Proof is in the pudding

Adopting regenerative farming practices can improve soil fertility.

Since the late 1940s, farmers have used industrialised farming methods to grow crops and pastures worldwide, in particular, using chemicals and synthetic fertilisers to maximise crop yields.

This has led to degraded soils, poor cropping outcomes, increased inputs and expenses and environmental damage while reducing soil fertility.

Adopting regenerative farming practices — particularly ones that increase and add biology, reduce chemical fertiliser inputs and build soil structure — can reverse these problems.

Farmers and agronomists alike have long held the school of thought that if you fertilise, replace minerals season to season and have adequate water and sunlight, you are most of the way to a successful crop. And for many decades, this was the case.

During the past 40 years, since The Rodale Institute first started using the term ‘regenerative farming’, along with significant advancements in soil science and agri-products, we have discovered the missing links have been soil structure, organic matter and, most importantly, soil biology.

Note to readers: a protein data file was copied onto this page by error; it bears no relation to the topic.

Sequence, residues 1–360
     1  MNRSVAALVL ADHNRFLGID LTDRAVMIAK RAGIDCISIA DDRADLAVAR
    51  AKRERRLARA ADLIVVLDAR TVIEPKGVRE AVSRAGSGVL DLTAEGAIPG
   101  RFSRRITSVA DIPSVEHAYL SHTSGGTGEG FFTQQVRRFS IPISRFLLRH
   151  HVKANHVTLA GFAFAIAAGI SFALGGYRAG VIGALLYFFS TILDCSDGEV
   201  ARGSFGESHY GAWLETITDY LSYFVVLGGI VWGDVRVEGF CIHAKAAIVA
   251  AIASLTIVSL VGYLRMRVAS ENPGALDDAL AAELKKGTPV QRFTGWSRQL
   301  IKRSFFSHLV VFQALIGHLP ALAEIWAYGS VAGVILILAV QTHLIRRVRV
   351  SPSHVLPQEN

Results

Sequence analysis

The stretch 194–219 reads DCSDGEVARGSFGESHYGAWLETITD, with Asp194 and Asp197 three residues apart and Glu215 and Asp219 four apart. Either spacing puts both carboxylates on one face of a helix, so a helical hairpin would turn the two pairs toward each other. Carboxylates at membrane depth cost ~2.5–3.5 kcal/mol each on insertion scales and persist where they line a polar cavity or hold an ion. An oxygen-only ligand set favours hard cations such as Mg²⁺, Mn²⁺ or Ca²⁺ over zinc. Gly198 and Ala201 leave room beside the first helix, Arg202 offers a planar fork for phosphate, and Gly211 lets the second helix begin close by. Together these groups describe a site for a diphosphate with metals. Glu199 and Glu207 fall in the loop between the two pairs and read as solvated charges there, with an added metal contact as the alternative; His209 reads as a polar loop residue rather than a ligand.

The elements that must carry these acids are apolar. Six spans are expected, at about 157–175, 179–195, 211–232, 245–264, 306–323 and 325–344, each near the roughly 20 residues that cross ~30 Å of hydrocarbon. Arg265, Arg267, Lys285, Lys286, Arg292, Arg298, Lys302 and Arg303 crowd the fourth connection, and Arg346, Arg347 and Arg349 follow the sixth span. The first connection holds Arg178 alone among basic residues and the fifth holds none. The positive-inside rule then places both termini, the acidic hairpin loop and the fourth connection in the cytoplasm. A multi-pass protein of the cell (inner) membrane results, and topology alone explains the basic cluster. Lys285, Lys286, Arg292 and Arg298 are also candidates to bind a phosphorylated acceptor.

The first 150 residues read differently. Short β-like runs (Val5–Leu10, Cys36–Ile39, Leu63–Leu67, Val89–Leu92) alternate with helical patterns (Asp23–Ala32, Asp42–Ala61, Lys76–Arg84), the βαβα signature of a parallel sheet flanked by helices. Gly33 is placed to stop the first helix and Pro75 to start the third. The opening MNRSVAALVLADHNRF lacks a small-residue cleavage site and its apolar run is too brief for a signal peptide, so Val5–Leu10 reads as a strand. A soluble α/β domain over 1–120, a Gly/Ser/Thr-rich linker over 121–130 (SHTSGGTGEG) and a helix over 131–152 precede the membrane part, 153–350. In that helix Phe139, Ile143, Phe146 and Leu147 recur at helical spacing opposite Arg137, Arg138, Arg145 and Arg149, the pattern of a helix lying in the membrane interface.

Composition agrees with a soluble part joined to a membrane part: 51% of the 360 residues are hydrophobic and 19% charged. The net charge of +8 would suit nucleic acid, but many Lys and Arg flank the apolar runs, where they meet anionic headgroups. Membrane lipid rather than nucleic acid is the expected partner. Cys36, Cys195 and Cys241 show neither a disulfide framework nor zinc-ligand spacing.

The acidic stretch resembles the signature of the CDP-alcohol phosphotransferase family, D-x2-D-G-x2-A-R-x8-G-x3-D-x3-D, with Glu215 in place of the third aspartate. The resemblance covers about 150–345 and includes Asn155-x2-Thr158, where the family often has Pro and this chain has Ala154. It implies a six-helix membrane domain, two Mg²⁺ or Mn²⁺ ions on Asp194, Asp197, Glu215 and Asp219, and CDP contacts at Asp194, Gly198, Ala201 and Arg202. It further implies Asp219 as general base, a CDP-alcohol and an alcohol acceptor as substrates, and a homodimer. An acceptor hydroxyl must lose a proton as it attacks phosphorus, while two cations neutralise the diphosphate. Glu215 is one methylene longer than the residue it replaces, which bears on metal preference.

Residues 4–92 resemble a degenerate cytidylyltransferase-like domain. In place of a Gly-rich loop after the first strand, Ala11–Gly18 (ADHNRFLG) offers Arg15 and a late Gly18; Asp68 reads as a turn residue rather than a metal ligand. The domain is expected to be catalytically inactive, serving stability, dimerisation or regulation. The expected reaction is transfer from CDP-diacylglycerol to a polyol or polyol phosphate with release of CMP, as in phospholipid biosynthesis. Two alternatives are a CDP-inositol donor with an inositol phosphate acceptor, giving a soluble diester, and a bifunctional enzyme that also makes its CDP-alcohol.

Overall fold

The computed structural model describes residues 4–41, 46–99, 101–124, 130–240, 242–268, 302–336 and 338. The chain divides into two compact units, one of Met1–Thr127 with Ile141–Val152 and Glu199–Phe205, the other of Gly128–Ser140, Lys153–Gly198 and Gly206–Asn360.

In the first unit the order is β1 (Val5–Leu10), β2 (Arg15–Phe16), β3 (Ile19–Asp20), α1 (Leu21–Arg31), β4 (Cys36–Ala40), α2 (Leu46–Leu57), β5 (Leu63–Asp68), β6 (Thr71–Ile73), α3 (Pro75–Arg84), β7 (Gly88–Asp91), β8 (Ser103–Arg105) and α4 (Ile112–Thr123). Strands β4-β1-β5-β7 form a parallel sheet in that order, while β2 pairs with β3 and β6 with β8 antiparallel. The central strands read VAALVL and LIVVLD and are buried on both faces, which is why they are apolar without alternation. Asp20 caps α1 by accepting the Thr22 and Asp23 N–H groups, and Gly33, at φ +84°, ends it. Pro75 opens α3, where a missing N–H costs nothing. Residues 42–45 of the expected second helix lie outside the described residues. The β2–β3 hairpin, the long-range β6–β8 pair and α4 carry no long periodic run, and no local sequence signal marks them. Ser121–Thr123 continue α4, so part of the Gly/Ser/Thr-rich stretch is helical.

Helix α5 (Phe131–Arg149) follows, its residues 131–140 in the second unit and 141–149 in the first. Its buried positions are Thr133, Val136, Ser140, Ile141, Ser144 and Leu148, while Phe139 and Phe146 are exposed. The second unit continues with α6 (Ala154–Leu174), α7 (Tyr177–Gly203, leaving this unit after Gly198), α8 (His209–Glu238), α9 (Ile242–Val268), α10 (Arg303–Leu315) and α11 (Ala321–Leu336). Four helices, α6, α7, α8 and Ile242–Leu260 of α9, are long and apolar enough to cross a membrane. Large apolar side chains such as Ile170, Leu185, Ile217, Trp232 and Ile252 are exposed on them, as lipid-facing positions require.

Overuse of chemical fertilisers over decades has seen reductions in productivity and increases in fertiliser use just to maintain crop yields. This is due to the destruction of soil microbes and soil health.

During the past 14 years, I have been involved in regenerating farms across Australia and the United States, using biological methods.

Over this time, I have met thousands of farmers and one of the biggest roadblocks to regenerative farming is training, lack of knowledge and confidence in regenerative farming practices.

In 2021, I had a dairy farmer send me a picture of his pasture in Gippsland, Victoria, stating “where have you been all my life” two years into adopting regenerative farming through the use of biology, while reducing chemical fertiliser use across his whole farm.

He reduced his fertilisers by more than 50 per cent and had a significant improvement in his feed test results while growing far more consistent pastures throughout the year.

The more you damage your soils and microbes, the more you need to provide the minerals, at your expense, for your crops that were previously mined from your soils by microorganisms.

Replacing these microorganisms, feeding them and repairing your soils will reduce your expenses, improve your crops, improve animal health and contribute to climate and environmental repair.

Peter Briscoe, Greenmate Agriculture

For more information, drop by the Greenmate site at the South Gippsland Dairy Expo.